Campus & Community

Ten Harvard scholars elected to AAAS

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The American Academy of Arts and Sciences (AAAS) announced earlier this week the election of 178 new fellows and 24 new foreign honorary members. The 2004 class, comprising world-renowned leaders in scholarship, business, the arts, and public affairs, includes 10 Harvard faculty members.

The new members from Harvard are James E. Alt, Frank G. Thompson Professor of Government; Mario Davidovsky, Fanny P. Mason Professor of Music; Catherine Dulac, professor of molecular and cellular biology and Howard Hughes Medical Institute investigator; Barbara J. Grosz, Higgins Professor of Natural Sciences; Steven E. Hyman, University provost; Eric N. Jacobsen, Sheldon Emery Professor of Chemistry; Daniel J. Meltzer, Story Professor of Law and vice dean for physical planning; Lisa Randall, professor of physics; Nancy L. Rosenblum, Sen. Joseph Clark Professor of Ethics in Politics and Government; and Rubie S. Watson, curator of comparative ethnology in the Peabody Museum.

“I am honored to welcome these outstanding and influential individuals to the nation’s oldest and most illustrious learned society,” said Patricia Meyer Spacks, academy president. “These new members have made extraordinary contributions to their fields and disciplines through their commitment to the advancement of scholarly and creative work in every field and profession.”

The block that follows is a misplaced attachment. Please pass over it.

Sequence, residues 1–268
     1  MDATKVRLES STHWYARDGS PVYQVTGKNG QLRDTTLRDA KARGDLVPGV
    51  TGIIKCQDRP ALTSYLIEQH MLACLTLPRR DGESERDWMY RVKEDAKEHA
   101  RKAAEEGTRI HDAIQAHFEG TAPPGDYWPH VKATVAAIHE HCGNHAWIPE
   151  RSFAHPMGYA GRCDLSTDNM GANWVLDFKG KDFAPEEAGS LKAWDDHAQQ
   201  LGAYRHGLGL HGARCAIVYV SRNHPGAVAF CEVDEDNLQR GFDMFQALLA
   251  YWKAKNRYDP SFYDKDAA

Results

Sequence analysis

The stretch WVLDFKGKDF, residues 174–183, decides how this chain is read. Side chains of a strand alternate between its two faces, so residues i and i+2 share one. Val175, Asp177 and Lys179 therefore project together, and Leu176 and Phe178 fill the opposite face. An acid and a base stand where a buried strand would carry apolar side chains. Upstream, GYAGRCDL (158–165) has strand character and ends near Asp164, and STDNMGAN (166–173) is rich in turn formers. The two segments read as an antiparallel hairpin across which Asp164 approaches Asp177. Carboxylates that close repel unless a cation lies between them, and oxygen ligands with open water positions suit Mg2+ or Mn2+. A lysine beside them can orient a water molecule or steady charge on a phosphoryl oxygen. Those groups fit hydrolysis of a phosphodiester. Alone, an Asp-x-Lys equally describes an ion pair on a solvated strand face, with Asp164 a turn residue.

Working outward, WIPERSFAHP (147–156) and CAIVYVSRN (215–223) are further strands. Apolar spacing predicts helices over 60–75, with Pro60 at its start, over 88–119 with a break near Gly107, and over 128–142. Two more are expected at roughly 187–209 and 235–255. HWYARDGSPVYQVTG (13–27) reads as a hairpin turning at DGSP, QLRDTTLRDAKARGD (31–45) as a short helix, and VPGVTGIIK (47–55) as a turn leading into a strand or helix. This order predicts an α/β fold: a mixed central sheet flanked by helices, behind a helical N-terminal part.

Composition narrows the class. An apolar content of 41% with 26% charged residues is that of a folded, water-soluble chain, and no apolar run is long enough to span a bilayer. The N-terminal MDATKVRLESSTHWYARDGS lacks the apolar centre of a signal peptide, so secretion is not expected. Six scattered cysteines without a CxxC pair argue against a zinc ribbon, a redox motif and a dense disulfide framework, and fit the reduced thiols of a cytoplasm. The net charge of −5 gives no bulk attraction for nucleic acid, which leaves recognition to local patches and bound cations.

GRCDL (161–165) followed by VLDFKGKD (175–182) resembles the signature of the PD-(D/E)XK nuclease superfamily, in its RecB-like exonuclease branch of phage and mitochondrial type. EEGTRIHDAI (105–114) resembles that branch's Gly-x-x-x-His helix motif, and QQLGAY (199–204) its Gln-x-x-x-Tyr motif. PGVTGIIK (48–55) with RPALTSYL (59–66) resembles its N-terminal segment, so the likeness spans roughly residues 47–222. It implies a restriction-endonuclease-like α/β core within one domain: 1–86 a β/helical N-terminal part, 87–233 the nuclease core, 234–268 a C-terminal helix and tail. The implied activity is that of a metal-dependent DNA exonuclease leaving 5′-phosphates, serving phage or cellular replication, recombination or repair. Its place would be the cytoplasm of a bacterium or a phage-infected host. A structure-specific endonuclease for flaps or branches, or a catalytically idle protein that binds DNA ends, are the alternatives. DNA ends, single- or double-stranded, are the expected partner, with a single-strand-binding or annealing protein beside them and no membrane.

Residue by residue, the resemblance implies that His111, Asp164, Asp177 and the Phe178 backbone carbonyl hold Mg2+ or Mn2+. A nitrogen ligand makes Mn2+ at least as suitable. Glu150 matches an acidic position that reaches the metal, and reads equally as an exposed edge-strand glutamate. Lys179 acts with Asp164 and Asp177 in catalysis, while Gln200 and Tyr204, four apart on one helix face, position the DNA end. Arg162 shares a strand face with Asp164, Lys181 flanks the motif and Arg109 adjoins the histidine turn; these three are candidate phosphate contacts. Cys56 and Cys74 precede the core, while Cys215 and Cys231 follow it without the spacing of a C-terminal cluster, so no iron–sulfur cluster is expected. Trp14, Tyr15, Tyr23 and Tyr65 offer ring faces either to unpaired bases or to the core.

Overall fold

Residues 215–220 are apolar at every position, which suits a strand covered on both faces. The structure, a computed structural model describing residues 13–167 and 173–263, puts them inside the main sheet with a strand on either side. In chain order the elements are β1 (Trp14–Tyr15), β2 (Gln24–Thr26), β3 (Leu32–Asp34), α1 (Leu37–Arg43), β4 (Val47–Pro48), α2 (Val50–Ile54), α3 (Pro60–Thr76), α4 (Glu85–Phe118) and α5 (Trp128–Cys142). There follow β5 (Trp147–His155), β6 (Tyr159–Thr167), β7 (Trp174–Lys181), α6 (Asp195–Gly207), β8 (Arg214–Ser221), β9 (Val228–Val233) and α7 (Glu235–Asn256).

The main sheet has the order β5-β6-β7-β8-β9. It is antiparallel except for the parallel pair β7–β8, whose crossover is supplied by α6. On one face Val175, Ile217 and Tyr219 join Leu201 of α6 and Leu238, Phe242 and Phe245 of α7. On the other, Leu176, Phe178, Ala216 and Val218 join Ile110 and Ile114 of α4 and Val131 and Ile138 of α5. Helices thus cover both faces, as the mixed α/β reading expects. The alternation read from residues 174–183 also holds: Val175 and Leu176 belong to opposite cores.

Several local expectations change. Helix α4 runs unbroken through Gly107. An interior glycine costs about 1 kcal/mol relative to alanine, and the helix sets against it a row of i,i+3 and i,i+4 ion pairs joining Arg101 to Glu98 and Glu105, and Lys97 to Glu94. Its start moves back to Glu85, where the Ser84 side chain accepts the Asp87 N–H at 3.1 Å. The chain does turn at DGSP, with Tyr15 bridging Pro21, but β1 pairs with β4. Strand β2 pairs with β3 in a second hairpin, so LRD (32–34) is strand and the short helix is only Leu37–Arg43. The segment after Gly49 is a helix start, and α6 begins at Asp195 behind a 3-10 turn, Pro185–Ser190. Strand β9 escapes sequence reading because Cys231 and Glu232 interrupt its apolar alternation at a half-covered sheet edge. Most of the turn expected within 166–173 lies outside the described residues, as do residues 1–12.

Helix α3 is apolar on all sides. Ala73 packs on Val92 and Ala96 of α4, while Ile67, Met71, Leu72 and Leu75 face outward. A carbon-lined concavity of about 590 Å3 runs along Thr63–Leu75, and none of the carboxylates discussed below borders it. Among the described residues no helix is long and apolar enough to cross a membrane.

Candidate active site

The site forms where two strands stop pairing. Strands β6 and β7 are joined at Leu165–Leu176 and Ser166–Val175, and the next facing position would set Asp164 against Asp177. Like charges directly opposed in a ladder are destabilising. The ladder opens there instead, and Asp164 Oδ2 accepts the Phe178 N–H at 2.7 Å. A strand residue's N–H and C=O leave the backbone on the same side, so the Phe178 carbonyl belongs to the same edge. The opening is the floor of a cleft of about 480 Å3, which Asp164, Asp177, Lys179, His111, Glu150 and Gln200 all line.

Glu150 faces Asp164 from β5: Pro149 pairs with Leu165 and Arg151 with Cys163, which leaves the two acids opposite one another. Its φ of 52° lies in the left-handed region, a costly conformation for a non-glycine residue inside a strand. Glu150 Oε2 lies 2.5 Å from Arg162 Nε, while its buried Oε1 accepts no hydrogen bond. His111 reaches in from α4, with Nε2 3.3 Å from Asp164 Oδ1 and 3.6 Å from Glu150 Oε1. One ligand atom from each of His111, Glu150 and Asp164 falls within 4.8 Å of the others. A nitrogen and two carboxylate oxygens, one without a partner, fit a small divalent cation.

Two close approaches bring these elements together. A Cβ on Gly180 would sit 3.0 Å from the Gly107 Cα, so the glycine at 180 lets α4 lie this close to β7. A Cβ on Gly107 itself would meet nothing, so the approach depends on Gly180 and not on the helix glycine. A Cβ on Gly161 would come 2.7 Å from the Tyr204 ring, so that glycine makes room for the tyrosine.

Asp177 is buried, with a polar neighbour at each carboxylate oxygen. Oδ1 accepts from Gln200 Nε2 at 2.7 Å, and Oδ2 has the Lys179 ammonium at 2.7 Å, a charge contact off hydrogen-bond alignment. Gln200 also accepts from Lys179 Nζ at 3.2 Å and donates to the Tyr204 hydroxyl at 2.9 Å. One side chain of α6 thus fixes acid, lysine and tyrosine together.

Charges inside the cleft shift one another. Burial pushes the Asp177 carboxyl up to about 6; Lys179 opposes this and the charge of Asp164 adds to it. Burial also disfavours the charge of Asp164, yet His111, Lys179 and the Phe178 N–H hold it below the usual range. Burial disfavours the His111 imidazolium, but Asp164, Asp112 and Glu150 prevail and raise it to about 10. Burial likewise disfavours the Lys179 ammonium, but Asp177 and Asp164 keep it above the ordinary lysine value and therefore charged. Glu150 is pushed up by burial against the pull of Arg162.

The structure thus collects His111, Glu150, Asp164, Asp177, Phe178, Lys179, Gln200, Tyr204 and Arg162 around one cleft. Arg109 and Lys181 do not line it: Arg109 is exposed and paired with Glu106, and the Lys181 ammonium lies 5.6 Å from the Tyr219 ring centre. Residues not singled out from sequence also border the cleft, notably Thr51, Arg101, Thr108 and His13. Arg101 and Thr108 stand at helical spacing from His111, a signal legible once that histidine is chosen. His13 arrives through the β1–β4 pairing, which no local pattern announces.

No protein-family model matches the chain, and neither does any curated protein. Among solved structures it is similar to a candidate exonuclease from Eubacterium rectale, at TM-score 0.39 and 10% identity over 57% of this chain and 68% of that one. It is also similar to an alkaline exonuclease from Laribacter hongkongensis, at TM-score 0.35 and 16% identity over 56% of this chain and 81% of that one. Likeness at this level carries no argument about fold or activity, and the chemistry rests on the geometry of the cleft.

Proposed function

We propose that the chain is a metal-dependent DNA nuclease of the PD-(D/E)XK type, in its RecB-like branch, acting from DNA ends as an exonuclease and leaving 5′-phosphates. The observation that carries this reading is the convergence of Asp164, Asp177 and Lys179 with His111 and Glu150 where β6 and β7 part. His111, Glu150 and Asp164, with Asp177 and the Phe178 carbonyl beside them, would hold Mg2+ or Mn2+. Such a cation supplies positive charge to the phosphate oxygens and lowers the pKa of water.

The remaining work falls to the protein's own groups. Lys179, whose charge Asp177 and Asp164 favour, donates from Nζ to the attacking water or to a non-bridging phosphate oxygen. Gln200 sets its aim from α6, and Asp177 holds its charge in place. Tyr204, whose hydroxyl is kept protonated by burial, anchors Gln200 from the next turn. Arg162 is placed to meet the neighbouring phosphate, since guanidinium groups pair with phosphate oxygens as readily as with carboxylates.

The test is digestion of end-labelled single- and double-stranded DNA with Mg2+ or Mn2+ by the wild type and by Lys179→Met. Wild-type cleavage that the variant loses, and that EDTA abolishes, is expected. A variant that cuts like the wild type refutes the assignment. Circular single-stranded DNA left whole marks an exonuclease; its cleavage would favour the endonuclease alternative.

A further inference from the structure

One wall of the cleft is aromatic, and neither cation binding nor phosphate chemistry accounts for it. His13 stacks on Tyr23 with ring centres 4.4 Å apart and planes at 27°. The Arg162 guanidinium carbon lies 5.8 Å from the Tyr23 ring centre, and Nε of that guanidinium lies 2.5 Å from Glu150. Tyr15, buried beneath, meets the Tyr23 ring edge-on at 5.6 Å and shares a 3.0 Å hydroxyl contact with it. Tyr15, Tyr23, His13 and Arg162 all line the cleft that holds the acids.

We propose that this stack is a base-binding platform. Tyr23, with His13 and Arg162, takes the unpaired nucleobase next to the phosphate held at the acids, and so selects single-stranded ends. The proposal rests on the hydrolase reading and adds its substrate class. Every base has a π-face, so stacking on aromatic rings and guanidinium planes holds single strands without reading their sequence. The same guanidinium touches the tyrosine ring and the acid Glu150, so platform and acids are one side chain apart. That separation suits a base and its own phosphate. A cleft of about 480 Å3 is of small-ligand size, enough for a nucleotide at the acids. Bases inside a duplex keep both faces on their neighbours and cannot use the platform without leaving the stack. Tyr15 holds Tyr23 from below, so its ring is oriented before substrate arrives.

“The American Academy is unique among academies for its breadth and scope,” added Leslie C. Berlowitz, the academy’s executive officer. “Throughout its history, the academy has gathered individuals with diverse perspectives to participate in studies and projects focusing on advancing intellectual thought and constructive action. We know that this year’s members will continue the academy’s tradition of cherishing knowledge in service to society.”

A group of scholar-patriots, including John Adams and John Hancock, founded the academy in 1780 “to cultivate every art and science which may tend to advance the interest, honor, dignity, and happiness of a free, independent, and virtuous people.” The unique structure of the American Academy allows it to conduct interdisciplinary studies on international security, social policy, education, and the humanities that draw on the range of academic and intellectual disciplines of its members. The current membership of over 4,500 includes more than 150 Nobel laureates and 50 Pulitzer Prize winners.

In October, AAAS will welcome this year’s fellows and foreign honorary members at the academy’s Cambridge headquarters.